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At the end, you can ask: "with all the procedures described and explained on the pages before, do I preserve total anonymity using proxy servers, or web based proxy"? The answer is: "Yes and No". Yes, because your IP provider has no information about the sites you visit (so if you surf from office, or from your school, there is no problem). On the other side, if you don’t want to let know to the visited sites who you are, the answer is always positive: yes, you are anonymous.

However, there is a potential risk for your privacy: the proxy site that you use has information about you (it sees your identity via your IP), and has information about sites you visit. So, hypothetically, the owner of the proxy site can collect this sensitive information, and could, always theoretically, use them against you. There are lot of anxious people on the net that seriously take in consideration this remote possibility that they can be black-mailed from proxy site webmasters. And what they do to eliminate this threat?

Using chain of proxies

They use multiple proxies, so no one can have complete information about visitor and visited site. How they do it? They create a chain of proxies, sometimes more than 2. This can be done directly from some browsers, defining more proxies in the proxy box, like this: 84.1.23.12:80-_-75.123.52.11:80, specifying 2, or more proxy sites, that will be used for surfing. In this example, the browser will connect to the first proxy (84.1.23.12:80), that will connect to the second one (75.123.52.11:80), and this will call desired sites. As I almost said, not all browsers support multiple proxies, so one can define one proxy server in the browser, and then use a web based proxy. Or simply connect from one web based proxy to another one, and only in the second one insert the URL of the site to be seen. But you must know that this kind of surfing is very tedious, slow and not always reliable; some of proxies are transparent and they send the information about original IP, from where the original request comes.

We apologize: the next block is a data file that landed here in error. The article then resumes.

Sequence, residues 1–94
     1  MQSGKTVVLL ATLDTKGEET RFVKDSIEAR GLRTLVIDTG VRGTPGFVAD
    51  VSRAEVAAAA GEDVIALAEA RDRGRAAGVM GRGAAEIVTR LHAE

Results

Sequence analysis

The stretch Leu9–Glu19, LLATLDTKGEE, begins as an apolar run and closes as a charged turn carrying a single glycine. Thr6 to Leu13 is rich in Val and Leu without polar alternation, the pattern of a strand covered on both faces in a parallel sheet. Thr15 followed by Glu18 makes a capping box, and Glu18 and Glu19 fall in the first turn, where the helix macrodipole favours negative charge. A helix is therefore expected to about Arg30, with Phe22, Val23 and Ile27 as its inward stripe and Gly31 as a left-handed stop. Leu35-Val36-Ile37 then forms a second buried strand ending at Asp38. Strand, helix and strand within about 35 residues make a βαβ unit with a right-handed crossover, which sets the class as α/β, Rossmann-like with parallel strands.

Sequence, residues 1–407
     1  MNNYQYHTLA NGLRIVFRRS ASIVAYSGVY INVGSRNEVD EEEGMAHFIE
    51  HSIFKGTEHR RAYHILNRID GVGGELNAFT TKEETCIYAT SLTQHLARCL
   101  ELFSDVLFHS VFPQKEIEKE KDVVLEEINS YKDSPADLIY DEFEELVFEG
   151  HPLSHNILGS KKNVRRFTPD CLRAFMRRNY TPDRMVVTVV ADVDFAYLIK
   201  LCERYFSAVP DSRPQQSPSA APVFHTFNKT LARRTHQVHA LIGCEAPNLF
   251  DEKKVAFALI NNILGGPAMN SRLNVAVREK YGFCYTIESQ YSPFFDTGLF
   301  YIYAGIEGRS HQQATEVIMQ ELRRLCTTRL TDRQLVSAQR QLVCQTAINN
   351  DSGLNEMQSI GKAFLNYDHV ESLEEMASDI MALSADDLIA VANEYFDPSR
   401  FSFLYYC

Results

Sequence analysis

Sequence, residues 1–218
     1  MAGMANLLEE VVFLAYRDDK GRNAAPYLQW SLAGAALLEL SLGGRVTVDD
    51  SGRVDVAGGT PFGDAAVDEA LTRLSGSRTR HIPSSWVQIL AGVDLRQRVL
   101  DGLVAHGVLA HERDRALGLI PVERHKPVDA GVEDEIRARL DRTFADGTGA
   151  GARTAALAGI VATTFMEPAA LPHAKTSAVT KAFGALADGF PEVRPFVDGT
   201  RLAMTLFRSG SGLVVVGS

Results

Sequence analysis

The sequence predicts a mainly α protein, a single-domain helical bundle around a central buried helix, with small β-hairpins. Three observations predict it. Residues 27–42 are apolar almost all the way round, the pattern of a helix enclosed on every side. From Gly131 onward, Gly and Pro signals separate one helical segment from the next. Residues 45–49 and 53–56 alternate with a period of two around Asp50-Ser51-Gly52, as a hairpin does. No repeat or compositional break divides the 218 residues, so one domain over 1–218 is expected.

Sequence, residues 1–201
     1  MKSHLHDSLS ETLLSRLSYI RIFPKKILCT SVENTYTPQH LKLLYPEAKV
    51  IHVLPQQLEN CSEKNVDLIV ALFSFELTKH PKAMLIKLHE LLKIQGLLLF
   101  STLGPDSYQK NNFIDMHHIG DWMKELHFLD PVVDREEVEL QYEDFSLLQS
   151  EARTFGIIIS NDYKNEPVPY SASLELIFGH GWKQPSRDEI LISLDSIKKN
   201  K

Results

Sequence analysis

The problem in the office is frequently unresolvable. The browser doesn’t permit access to insert proxy because for this procedure you must have administrator privilege, and you do not have it. As I said in some other place, web based proxies are often blocked by the filter, and after hours of searching can happen that you don’t find any available. The situation becomes disparate. Consider as an option to not navigate from your working place. Maybe it’s the most wise solution.